Sentient seascapes: the archaeology of ritual engagements with the marine realm

Professor Ian J. McNiven
Monash University

Friday 11th August 2017

There is an old saying in archaeology that if you find something that is behaviourally odd or out-of-the-ordinary then label it ritual. Yet for Australian Indigenous societies, ritual practices, especially those of a socio-religious nature, are anything but out-of-the-ordinary. Ritual practices are fundamental to the ways that Aboriginal peoples and Torres Strait Islanders directed their lives and related to each other, to the spiritual realm, and to the broader world within which they are enmeshed. As such, understanding the nature and long-term development of past rituals and ceremonial practices provides enormous scope for archaeologists to create historical narratives that express human and spiritual agency and intentionality that resonate with Indigenous worldviews. In this paper I explore the history of Torres Strait Islander ritual practices over the past 1000 years from an ethnographically-informed archaeological perspective. This perspective takes as its starting point the materiality of ritual practices as known ethnographically through historical texts, museum objects, and contemporary Islander views. Critically, many ritual practices also involved shrines comprising objects such as shells, bones, artefacts, and stone figures that can be studied archaeologically and radiocarbon dated. Results reveal successive use of shrines expressed through constant additions of objects over hundreds of years. These chronologies not only define the temporal limits of ethnographically-known practices back in time, but also position shrines as historically dynamic and ever-emergent works-in-progress. In this sense, and somewhat ironically, the ever-changing materiality of shrines were expressions of ritual constancy and historical continuity in the socio-religious lives of Torres Strait Islanders.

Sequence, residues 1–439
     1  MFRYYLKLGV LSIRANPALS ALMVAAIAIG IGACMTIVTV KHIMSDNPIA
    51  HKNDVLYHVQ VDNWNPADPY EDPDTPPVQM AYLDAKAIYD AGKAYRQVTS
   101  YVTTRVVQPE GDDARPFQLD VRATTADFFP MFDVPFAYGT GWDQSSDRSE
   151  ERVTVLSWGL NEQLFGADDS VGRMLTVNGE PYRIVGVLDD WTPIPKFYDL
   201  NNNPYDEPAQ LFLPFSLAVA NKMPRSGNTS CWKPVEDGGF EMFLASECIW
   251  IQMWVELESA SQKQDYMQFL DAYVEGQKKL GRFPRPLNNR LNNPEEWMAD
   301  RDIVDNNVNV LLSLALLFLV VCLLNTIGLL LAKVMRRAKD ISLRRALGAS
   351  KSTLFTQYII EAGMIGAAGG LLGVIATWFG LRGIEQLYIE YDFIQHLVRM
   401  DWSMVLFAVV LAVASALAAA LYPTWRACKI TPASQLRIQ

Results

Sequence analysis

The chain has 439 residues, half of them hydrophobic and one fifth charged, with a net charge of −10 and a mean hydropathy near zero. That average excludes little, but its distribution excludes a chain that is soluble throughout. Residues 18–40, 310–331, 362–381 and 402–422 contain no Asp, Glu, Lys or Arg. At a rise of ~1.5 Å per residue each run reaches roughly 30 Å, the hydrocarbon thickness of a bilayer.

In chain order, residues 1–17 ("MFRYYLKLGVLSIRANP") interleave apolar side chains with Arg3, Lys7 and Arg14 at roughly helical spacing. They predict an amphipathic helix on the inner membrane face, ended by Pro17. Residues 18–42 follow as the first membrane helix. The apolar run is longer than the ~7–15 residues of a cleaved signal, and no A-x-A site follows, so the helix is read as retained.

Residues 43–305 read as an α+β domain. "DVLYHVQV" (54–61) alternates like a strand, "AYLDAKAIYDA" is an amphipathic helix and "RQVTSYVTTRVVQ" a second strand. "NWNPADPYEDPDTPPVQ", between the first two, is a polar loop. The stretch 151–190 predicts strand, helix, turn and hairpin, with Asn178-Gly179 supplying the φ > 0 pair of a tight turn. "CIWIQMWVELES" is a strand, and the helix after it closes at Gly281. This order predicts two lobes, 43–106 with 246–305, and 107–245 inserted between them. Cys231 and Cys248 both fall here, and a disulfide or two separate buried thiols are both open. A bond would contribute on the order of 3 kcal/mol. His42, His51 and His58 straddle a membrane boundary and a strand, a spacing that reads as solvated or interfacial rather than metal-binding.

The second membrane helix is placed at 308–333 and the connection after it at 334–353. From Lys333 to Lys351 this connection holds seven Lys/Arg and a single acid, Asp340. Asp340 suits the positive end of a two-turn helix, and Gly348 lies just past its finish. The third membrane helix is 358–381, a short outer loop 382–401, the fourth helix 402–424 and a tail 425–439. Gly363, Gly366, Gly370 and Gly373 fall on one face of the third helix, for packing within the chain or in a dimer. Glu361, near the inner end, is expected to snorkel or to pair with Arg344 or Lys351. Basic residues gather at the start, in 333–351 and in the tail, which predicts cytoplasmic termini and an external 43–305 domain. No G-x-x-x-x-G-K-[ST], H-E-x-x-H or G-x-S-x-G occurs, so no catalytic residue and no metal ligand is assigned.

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Ian McNiven is with the recently launched ARC Centre of Excellence for Australian Biodiversity and Heritage and Professor of Indigenous Archaeology in Monash Indigenous Studies Centre, Monash University, Melbourne. He is a Fellow of the Australian Academy of the Humanities and the Society of Antiquaries London. He specialises in the archaeology of Australian Indigenous coastal societies. His archaeological research is transdisciplinary and heavily informed by anthropology, history, and close working relationships with Indigenous communities. His books include Goemulgaw Lagal: Cultural and Natural Histories of the Island of Mabuyag, Torres Strait (Queensland Museum, 2015), Appropriated Pasts: Indigenous Peoples and the Colonial Culture of Archaeology (Altamira, 2005), and Constructions of Colonialism: Perspectives on Eliza Fraser's Shipwreck (Leicester, 1998)

Friday 11th August 2017
New Law School Lecture Theatre 101
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*The lecture will be followed by a reception in the Nicholson Museum

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Professor Peter Hiscock